Nordicum - Real Estate Annual Finland 2016 - Page 9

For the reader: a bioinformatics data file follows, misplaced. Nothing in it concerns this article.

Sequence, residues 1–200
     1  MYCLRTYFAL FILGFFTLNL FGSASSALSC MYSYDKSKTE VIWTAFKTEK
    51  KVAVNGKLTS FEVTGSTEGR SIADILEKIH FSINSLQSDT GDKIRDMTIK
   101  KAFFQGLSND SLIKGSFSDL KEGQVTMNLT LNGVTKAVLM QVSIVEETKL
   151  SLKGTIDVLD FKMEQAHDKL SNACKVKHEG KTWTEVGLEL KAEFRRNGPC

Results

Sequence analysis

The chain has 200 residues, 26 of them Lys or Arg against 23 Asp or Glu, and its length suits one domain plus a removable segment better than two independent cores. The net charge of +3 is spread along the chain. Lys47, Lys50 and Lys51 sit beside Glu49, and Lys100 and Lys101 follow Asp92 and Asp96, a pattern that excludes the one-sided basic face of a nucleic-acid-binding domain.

Photo: Strategic Horizons LLP W hen the book The Experience Economy (1999) came out, one critic wrote “this book scared the hell out of me”. And no, it was not by Stephen King, but, instead, by two business gurus, Joe Pine and Jim Gilmore, who perceived a paradigm shift to end all paradigm shifts just around the corner. The book identified and described a crucial progression of economic value from commodities to goods to services, and then to experiences. Seventeen years after the book launch, Joe Pine recalls that the work did open some eyes to a brand new reality. “There were still many that were decrying the loss of manufacturing jobs and the shift into the Service Economy, and now they had to face a new threat to old sectors and ways of doing business,” he looks back. The Experience Economy showed how businesses should embrace theatre as an operating model to stage unique experiences – like a modern take on Shakespeare’s line “all the world’s a stage,” if you will. What this means is that companies must learn how to go beyond goods and services, and hit their customers with experience. Going Digital Still, as the book came out just prior to the millennium, the authors themselves called Experience Economy as “nascent,” “forthcoming,” and “growing.” It was not there, not quite yet. But by the time the updated edition came out in 2011, there could be no doubt – experiences had become the predominant economic offering, and the primary source of economic growth, new jobs, and innovation. How did this happen? Well, between 1999 and 2011 the digital bomb dropped and took experience to another level. Joe Pine points out that digitalisation has pushed itself into just about all arenas, particularly because of the development of the smartphone where anyone could visit virtuality at the touch of a finger. But while some industries have made experience their life’s blood, other industries are more conservative. In terms of urban development and building new communities, just how relevant is the Experience Economy? Joe Pine replies that experiences are absolutely essential to the real estate business, too. “It is the authentic experience that turns a house into a home, a space into a place, and a neighbourhood into a community,” he says, adding that architects, designers and developers would do well to seek authenticity at all times, for it is something that resonates strongly with people – and, on the other hand, people can smell fake and instinctively steer clear of the inauthentic. Nordicum 7